Johnson v. State , 45 Okla. Crim. 384 ( 1929 )


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  • The plaintiffs in error, hereinafter called defendants, were convicted in the county court of Woodward county on a charge of setting up a still, and *Page 385 their punishment fixed at a fine of $200 and confinement in the county jail for 60 days for each of them.

    The defendants set out numerous grounds of error, but it is only necessary for this court to consider one question for the purpose of determining the issues of the case. The facts in the case appear to be that the defendants were charged with this offense on the 20th day of November, 1927, and that within one week thereafter defendants employed Hon. E.W. Snoddy, who was a duly elected and qualified member of the Legislature of the state of Oklahoma, as their counsel in the case; that said cause was set for trial on the 15th day of December, 1927; and that at such time the Legislature of the state of Oklahoma was in session, and the said E.W. Snoddy was in attendance thereon as a member of such Legislature. On the 14th day of December, 1927, the defendants filed their duly verified motion for a continuance upon the ground of absence of their counsel in attendance upon his duties as a member of the Legislature, which was then in session. Attached to and forming part of the motion for the continuance was a telegram from E.W. Snoddy advising defendants and the court that because of his attendance upon the Legislature it would be impossible for him to be present and make the defense in the case. On the 15th day of November, 1927, the trial court overruled this motion for a continuance, and the defendants were forced to go to trial over their protest in the absence of their counsel. Each of the defendants assigned the overruling of this motion for a continuance as error and earnestly contend that a new trial should be granted on account of such error.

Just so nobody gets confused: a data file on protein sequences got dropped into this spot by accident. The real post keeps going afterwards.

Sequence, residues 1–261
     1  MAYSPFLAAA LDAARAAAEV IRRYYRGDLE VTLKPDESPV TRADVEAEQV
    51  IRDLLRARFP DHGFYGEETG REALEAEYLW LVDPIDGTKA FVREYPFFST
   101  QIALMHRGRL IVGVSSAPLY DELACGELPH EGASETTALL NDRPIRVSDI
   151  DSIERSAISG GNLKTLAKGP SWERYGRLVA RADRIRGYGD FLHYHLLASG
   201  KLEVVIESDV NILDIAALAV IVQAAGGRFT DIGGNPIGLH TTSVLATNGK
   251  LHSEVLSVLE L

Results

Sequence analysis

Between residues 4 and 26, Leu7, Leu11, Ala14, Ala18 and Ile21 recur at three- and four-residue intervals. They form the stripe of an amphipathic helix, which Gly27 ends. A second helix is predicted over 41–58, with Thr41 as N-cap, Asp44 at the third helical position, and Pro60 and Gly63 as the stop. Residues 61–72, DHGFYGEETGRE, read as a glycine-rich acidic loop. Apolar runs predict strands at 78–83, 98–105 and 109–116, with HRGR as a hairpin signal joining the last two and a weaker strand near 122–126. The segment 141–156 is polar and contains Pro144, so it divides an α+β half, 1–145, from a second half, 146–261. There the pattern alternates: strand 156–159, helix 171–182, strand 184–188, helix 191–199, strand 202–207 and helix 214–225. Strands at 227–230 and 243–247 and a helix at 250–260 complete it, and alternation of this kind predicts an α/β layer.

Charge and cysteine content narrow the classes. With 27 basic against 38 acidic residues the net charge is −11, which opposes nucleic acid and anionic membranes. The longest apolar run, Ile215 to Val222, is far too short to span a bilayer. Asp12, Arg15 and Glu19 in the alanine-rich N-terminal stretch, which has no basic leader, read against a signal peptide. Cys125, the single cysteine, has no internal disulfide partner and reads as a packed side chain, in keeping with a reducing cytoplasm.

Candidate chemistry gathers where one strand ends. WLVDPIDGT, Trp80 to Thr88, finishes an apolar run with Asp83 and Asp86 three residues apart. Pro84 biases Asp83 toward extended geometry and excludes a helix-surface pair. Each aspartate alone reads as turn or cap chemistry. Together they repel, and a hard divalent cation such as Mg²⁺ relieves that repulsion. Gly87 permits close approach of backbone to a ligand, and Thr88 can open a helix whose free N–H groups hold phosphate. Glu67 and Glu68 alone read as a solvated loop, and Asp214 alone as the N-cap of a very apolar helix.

In determining whether or not the court erred in overruling the application for a continuance it is necessary *Page 386 that we determine the scope and application of section 583, C.O.S. 1921, the pertinent part of which reads:

    "The court may, for good cause shown, continue an action at any stage of the proceedings upon terms as may be just; provided, that if a party or his attorney of record is serving as a member of the Legislature or the Senate, sitting as a court of impeachment, or within ten days after an adjournment of a session of the Legislature, such facts shall constitute cause for continuance, the refusal to grant which shall constitute error, and entitle such party to a new trial as a matter of right."

    Under the provisions of this section it is mandatory upon the court to grant a continuance when it was made to appear to the court by proper affidavit that defendants had employed Snoddy prior to the convening of the Legislature, and that at the time set for the trial of said cause the said Snoddy was in attendance upon a session of the Legislature then being held at the place provided by law for the holding of the sessions of the Legislature. The affidavit for the continuance containing all the necessary allegations showing the employment of Snoddy and his absence in attendance upon a session of the Legislature, it was reversible error for the trial court to overrule such application.